Lyndsey Gilpin in her April 28 TechRepublic interview with this week’s quite exceptional YG&B teen notes that this young businesswomen has the ability, “to change the world for the better.”
She is young, gifted & Black. Maya Shea Penn is CEO of Maya’s Ideas, a company she founded in 2008 when she was just 8 years-old.
Her enterprise designs hand-crafted scarves, headbands, T-shirts and accessories.
As noted in Forbes, the then home schooled sixth-grader in the writing joined the online crafts store Etsy in 2007 and spent a year creating ideas for her own shop.
“I love wearing different kinds of headbands and decided that would be a good way to start,” she reveals in the May 5, 2011 Forbes exclusive on “Meet 16 Grade School Entrepreneurs.”
Maya in the May account designs in her sewing creations such embellishments as butterfly appliques, ribbons and her top-seller, black lace, onto head bands purchased from neighborhood crafts stores.
“I basically started my own business out of curiosity, but now it’s real,” she shares in Forbes. “I’ve learned a lot of life lessons, like perseverance, from this.”
Committed to the safety and welfare of the environment, all of her designs must also be eco-friendly. Her first and primary guidance was from her dad, John Penn from whom she learned a lot about solar energy.
But more importantly, she learned from such modeling the significance and drive to do your own research.
“When he was a kid, he won awards from NASA and the U.S. Air Force Honor Guard for his science fair projects on solar energy,” she says in an Atlanta Black Star February 17, 2013 posting.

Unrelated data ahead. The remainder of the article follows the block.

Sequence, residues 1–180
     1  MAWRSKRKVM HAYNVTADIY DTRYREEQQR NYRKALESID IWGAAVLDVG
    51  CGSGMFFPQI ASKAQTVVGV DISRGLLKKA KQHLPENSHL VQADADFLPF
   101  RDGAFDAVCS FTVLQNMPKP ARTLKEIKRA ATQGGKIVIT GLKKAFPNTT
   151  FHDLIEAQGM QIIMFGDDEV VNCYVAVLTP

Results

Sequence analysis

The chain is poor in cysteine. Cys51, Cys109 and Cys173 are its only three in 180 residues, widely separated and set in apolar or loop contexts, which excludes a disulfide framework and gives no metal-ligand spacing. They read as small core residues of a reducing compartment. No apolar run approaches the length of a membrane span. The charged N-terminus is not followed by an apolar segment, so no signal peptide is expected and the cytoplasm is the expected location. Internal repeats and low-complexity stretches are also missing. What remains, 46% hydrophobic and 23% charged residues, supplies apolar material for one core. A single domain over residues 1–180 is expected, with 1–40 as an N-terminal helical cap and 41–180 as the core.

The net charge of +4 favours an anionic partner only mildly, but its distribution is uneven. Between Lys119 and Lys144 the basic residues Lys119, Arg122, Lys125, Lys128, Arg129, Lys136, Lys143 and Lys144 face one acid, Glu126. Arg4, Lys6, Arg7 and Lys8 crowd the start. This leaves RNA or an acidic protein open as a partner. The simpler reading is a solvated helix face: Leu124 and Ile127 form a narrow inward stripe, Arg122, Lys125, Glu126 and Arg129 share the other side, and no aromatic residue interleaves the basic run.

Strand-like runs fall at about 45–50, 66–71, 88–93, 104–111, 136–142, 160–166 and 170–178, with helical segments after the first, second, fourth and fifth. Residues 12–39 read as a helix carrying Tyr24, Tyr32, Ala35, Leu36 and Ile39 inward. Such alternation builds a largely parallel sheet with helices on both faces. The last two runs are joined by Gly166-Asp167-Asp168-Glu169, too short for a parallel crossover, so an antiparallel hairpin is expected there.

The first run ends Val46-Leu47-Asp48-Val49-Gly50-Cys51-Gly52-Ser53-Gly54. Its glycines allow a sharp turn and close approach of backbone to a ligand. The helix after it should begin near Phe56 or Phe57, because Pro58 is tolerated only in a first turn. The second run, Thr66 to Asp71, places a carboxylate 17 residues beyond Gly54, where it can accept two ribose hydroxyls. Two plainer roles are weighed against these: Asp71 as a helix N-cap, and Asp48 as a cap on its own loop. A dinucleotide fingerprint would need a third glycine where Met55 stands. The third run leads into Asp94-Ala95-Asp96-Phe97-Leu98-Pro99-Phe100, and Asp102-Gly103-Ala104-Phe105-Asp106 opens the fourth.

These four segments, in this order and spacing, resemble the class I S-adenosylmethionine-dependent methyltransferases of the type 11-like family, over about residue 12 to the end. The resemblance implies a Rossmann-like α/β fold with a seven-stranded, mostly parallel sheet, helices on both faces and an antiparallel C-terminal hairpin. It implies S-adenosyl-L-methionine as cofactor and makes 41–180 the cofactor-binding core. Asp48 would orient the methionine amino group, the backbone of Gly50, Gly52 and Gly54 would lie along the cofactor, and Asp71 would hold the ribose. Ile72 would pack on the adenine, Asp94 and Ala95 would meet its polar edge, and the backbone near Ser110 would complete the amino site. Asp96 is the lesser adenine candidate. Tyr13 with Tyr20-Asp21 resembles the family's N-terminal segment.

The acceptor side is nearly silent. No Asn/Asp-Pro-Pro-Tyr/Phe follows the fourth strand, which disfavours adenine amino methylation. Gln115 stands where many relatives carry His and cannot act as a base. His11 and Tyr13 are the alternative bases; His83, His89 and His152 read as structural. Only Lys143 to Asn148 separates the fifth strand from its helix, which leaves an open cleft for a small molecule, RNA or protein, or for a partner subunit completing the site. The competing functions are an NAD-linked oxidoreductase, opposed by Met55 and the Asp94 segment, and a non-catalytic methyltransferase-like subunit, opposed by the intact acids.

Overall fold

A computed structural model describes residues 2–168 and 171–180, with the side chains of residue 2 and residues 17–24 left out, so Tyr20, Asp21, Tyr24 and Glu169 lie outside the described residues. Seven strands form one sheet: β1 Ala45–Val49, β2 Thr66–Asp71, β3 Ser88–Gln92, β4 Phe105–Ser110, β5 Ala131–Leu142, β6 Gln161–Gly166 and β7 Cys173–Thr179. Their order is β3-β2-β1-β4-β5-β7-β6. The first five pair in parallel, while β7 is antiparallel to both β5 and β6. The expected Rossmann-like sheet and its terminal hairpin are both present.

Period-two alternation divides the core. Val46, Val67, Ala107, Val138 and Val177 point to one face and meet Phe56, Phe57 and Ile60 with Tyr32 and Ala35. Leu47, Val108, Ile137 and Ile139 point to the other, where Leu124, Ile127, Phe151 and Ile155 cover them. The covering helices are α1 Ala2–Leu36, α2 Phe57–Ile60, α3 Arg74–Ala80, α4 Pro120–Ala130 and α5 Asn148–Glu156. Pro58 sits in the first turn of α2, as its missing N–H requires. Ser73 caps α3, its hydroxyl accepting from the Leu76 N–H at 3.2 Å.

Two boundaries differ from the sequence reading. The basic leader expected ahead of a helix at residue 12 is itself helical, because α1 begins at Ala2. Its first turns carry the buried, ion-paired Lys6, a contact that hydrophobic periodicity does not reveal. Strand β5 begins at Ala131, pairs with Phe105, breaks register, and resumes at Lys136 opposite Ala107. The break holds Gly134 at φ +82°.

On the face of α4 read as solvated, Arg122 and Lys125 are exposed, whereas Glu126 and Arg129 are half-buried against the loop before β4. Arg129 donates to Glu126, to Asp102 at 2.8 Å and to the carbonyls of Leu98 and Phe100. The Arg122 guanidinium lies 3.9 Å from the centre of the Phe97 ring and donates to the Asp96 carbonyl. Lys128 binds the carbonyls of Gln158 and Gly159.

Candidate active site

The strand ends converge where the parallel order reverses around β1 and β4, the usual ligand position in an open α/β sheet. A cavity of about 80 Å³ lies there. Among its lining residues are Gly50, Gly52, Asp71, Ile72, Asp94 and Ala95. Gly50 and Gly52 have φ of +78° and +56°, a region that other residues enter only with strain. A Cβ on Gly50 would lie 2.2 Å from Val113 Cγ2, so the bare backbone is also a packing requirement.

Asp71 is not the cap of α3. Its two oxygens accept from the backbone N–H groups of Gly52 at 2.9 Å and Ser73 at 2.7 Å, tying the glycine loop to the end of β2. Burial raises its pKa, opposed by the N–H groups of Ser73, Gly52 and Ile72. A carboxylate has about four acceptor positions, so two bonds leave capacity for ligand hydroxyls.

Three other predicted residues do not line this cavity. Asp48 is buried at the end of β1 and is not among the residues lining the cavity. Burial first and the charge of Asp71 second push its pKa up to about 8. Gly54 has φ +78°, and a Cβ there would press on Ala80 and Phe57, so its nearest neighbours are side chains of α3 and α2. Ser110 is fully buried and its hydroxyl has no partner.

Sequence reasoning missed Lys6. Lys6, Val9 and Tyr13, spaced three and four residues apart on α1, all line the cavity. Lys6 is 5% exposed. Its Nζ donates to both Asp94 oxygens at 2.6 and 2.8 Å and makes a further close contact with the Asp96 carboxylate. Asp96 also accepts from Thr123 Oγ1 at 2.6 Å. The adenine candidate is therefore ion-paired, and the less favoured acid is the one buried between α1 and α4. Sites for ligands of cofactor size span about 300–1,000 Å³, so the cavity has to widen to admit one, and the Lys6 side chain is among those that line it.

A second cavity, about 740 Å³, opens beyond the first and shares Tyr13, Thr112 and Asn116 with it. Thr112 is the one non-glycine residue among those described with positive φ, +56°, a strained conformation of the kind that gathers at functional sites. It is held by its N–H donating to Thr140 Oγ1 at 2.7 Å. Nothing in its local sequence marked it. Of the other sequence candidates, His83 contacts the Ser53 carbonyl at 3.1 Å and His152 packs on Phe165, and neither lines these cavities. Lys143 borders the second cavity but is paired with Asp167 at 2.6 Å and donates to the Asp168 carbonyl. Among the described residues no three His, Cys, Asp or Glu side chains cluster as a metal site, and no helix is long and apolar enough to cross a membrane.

Upon this foundation, she was further inspired to do her own studies.
As explained in her personal writing, “How I Found My ‘Spark’” in the November 19, 2013 The Huff Post Teen: “A lot of people ask me why is your business eco-friendly?
I did some research and found out about how some dyes in clothing or the process of even making the items was harmful to the people and the planet by generating a great amount of toxic waste.”
She wondered, “How can helping the environment tie into my business? I immediately knew that Maya’s Ideas had to be eco-friendly.”
When Maya was around 4 years-old, as noted in her personal bio, her father additionally taught her how to take apart a computer and put it back together again.
“That really started my love for technology.” She adds in her “Who Is Maya?” sharing that, “I’ve built my first website myself, and I’m learning Java Script and HTML 5.
So I’m really hands on in all aspects of my business.”
The Atlanta Black Star reports that Maya’s sales has soared upwards of $55,000 as of the writing’s post date.
Additional to the U.S., her designs are sold throughout the globe to buyers in Denmark, Italy, Australia and Canada. Customers and friends on her “Hall of Fame” site who have purchased her creations include actor Samuel L. Jackson, writer and media strategist Nicki Escudero-Nickialanouche, CBS radio host and journalist Mo Ivory, actress Jasmine Guy, singer and musician Michael Franti, and chef Evelyn Paul.
She further has her own non-profit, Maya’s Ideas 4 the Planet, and 10 to 20 percent of her profits are donated to such causes as Hosea Feed The Hungry, Atlanta Community Food Bank, Livethrive.org, iMatter Youth Council, The Pollination Project’s Youth Grantmaking Advisory Board, Girls Inc., V-Girls, and The Ian Somerhalder Foundation.
Maya has been featured in Huffington Post, Ebony, Young Entrepreneur, Redbook, and Kiwi Magazine.